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COPPA and You - What You Need to Know About This Privacy Act

written by: Aaron R.•edited by: Mark Muller•updated: 8/5/2011

The Children's Online Privacy Protection Act (COPPA) of 1998 is a very important set of rules for business owners who wish to have a website that deals with children's demographic. Parents will also want to understand this act, so that they can understand their children's rights online.

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    What Parents Should Know About the Children's Online Privacy Protection Act of 1998

    Children's Online Protection Act of 1998 The general rule of COPPA is that children's information has to be protected online. It has two sides of protection.

    If a website plans to gather information from children under the age of 13, they must secure verifiable consent from a parent and publicly state how the information will be collected, used and disclosed somewhere on the website. Protected information includes their name, address, e-mail address, telephone number and their Social Security Number.

    Parents have a right to secure parental access to their child's account, as long as they confirm their identity with the website owner. They then have a right to know the website's policy for privacy, and they may demand that the website stops collecting information from their child and they may request that any existing information be deleted.

    Note that the website must verify the parent's identity. Possible options include a toll-free hotline, a signed postcard, a digital signature in an e-mail or a verified credit card number.

    If you'd like more tips for keeping your child safe online, read more in the linked article.

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    What Business Owners Should Know About the Children's Online Privacy Protection Act of 1998

    Business owners need to understand COPPA if they wish to stay legal and deal primarily with children. If your website is aimed primarily at a demographic under the age of 13 (as judged by FTC standards, language and graphics), then you need to take the appropriate steps if you plan to gather any information.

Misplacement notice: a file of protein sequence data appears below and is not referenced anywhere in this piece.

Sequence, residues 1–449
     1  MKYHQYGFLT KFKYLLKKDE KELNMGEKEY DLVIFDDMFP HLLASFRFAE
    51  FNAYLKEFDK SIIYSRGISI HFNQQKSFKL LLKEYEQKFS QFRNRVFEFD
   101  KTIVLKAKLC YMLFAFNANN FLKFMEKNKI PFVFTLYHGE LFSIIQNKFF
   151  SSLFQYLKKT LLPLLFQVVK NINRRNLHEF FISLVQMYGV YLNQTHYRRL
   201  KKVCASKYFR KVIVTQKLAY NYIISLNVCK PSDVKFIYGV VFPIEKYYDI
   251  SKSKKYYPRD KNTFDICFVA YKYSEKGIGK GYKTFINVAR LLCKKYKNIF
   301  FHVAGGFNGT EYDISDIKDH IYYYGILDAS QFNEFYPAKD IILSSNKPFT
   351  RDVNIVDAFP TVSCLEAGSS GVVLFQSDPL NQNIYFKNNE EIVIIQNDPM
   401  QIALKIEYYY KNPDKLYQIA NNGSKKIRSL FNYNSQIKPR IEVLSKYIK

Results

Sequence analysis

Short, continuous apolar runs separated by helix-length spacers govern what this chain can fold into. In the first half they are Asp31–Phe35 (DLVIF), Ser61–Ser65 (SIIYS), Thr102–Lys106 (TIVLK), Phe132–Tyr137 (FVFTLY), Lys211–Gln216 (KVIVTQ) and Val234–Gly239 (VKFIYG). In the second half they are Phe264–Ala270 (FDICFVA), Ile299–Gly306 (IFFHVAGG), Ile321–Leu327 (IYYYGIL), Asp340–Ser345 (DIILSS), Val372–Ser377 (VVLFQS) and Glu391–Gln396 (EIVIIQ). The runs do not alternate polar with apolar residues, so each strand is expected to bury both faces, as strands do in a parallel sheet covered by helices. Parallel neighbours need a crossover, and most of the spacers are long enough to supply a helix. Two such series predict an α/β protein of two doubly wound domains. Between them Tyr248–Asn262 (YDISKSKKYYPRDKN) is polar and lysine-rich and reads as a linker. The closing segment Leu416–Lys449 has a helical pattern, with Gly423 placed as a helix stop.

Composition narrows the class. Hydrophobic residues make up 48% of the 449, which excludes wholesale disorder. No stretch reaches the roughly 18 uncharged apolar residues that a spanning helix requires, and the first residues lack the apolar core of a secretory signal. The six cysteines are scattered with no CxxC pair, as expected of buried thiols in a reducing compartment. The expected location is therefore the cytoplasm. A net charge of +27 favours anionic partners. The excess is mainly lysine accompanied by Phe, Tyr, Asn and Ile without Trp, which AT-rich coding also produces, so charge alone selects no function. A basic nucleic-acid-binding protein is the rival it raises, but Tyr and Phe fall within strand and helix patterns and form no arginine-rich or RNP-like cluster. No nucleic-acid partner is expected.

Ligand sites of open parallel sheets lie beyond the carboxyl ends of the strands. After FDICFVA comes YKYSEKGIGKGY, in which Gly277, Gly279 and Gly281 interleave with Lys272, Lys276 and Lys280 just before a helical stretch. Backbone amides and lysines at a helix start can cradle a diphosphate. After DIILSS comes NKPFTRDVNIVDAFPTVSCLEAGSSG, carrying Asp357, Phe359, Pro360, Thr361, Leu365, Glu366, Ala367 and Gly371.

There has to be a reasonable attempt to gain parental consent beforehand, a full privacy policy notice (written in plain English, in plain sight) and you must be ready to handle the methods discussed above if a parent wishes to learn more about what information their child has disclosed, or wishes to terminate the account.

    Reasonable efforts to gain consent are somewhat debatable, and it seems to fall to common sense. A generally accepted method appears to be a delayed e-mail sent to the parent's address, or a telephone number. Obviously any business that plans to handle children's information should seek out a professional legal consultant to see if their methods of consent are up to snuff and current case law.

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    COPPA - Examples

    A very quick example should help make the issue clear. There have been 17 cases brought against firms for the Children's Online Privacy Protection Act of 1998. Let's look at the case brought against Hershey.

    The chocolate and candy producer had several sections of their website explicitly aimed toward young children, with colorful graphics and a specific "Kidztown" area. They offered a sweepstakes which was available to children under 13, if they had their parents fill in a consent form which popped up.

    The problem was that the consent form wasn't enough to comply with COPPA. It could easily be ignored, and the site would still accept the child's information. There were no safeguards for filling out the form with a stated age of less than 13, and by popping up instantly, it was seen as likely that many would lie or have another non-parent fill it out.

    These issues led to a charge against the company. The violation of the Children's Online Privacy Protection Act cost Hershey a $85,000 settlement with the Federal Trade Commission (FTC).

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    COPPA - Exemptions

    Both webmasters and parents should understand the exemptions that exist according to the the Children's Online Privacy Protection Act:

    Website operators do not have to obtain consent if the request for information is just a one-time event (or one request that requires multiple contacts). If the personal information will not be stored or used in the future, after the request is fulfilled, then it is exempt.

    All contact information gained simply to maintain the security of the site or the account, or stay in compliance with legal requests and acts is also exempt.

    Safe harbor organizations, such as TRUSTe and CARU (Children's Advertising Review Unit), can provide approved self regulation under the act once they have been approved.

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    Closing Notes

    The Children's Online Privacy Protection Act of 1998 not only applies to business owners in the strict sense but also to web site owners, commonly known as webmasters, if their web site collects children's demographic data according to COPPA.

    Disclaimer: The information in this article was not written or reviewed by a lawyer. If you wish to ensure compliance with the act, or wish to file a complaint, please consult a legal practitioner.